It's CRPS Day! November 5, 2014.
CRPS stands for Complex Regional Pain Syndrome; a name that’s more commonly used to group together a few different varieties of the condition.
Type 1, formerly known as Reflex Sympathetic Dystrophy (rsd), and usually develops after a soft tissue injury, or some kind of mild trauma or injury, even though the nerves weren’t physically damaged.
Type 2, formerly known as Causalgia, and develops after nerves have been damaged.
There are also lots of other names floating around, such as Reflex Neurovascular Dystrophy, Sudeck’s Atrophy, Amplified Musculoskeletal Pain Syndrome, and most likely more.
The most common symptom is pain, and lots of it. Usually the most commonly known symptom, and one that is frequently used to diagnose is the presence of burning pain that will not desist no matter what you try.
But, at least in my experience, this isn’t always the main way that CRPS can present. There are so many other different ways it can present; it’s very individualistic.
It can ache deep down in your bones, it can feel like you’re being stabbed repeatedly with a sharp knife, you can get pins and needles, numbness, it can feel like someone’s clawing and tearing your muscle tissue from your body. You can have muscle spasms so bad that you can’t move because your muscles are so tight and rigid that they feel like there are rocks underneath your skin instead. You can feel like your skin is on fire, to the point where you can’t even touch your own skin, and you can’t even handle the gentle breeze from a ceiling fan on low because it hurts, it burns. The pain can be all-consuming during intense flare ups; you can’t focus, you can’t think, you can’t remember anything before the pain and you can’t even begin to imagine the future because it feels like there is literally nothing else in the entire world but the agony you’re feeling. This is only a small glimpse into crps; it seeps into and affects every part of your life. Because of the never ending pain I had to quit my job, I had to drop out of college. I’ve lost a lot of friends,I’ve had to give up on my dreams of having a career in theatre, and I’ve had to give up on moving out of my parents’ house. My depression and anxiety are worse than ever before, and I’m lonely a lot of the time because I don’t get out much anymore. Even something as simple as getting dressed, turning a doorknob, and using a spoon to eat a bowl of cereal can be excruciating. It really does seep into every nook and cranny of your life, no matter how hard you try to keep it from doing so.
There are lots of different things that can affect how much pain you’re in; how much sleep you got, the quality of sleep, the weather, humidity and pressure changes, any and every kind of stress, the seasons changing, if you did too much the day before, if you didn’t do enough the day before. And just because it can, it’ll flare up for no absolutely reason at all.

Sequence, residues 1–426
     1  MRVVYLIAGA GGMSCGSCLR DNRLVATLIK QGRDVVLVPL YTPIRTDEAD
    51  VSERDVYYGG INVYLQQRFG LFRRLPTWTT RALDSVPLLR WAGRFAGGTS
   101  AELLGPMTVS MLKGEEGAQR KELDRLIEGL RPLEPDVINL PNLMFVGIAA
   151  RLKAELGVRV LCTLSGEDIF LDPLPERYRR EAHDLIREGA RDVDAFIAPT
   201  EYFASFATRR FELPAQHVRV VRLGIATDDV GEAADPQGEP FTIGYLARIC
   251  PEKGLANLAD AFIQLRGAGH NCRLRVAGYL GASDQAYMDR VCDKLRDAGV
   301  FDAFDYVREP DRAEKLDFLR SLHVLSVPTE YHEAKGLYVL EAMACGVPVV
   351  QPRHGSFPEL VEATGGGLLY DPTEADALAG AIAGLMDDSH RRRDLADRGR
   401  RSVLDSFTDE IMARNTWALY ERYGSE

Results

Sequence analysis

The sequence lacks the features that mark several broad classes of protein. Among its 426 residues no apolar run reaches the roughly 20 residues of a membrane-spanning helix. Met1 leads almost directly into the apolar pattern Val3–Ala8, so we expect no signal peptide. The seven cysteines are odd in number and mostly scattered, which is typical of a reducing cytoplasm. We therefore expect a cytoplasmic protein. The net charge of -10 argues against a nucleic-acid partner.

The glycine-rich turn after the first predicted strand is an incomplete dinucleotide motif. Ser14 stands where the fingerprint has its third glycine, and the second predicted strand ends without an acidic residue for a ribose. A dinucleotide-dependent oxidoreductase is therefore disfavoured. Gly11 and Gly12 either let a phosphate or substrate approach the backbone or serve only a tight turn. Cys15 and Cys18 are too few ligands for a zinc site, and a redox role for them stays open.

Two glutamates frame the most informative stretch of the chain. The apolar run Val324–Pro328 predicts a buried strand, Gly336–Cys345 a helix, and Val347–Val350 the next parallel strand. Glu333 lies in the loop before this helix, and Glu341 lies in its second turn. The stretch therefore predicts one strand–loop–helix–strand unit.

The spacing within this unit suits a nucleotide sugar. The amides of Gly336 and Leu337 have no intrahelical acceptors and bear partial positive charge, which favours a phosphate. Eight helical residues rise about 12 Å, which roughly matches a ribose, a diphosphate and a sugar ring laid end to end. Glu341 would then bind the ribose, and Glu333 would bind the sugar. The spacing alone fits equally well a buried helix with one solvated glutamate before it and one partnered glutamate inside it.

CRPS isn’t very widely known; it took me three years, and six different specialists from all around my province before I was finally diagnosed. It felt like an incredibly long time, but there are people who have been suffering without a diagnosis for far longer. A proper diagnosis isn’t the holy grail, but when you’ve been living in pain for so long, it feels like a relief, a validation of all your suffering, that you were right and it wasn’t just in your head (as many doctors have said). It can help you get on a better path. You can learn about it, do research for treatments and new theories, you can talk to other people who have it and finally find people who really understand what you’ve been going through.
There’s currently no cure, only various forms of symptom management. There are medications, creams, in and out patient procedures, surgeries, and some people have even gone as far as amputation to try and rid themselves of the pain. Physiotherapy, massage, and acupuncture are also ways to help CRPS. There are treatments out there that can help manage the pain and associated symptoms; you need to find a good doctor, and come up with a plan together that works best for you.
We need to boost awareness. We need to talk about it, and support each other. We need to keep funding research!
Here is a link to make a donation to a Canadian non-profit: http://www.rsdcanada.org/parc/english/parc/donations.htm
Here’s a link to donate to RSD Hope (an American site): http://www.rsdhope.org/store/c3/Donations.html
And for anyone who lives close to NYC, a CRPS Institute has been opened in the city: http://www.crpsinstitute.com/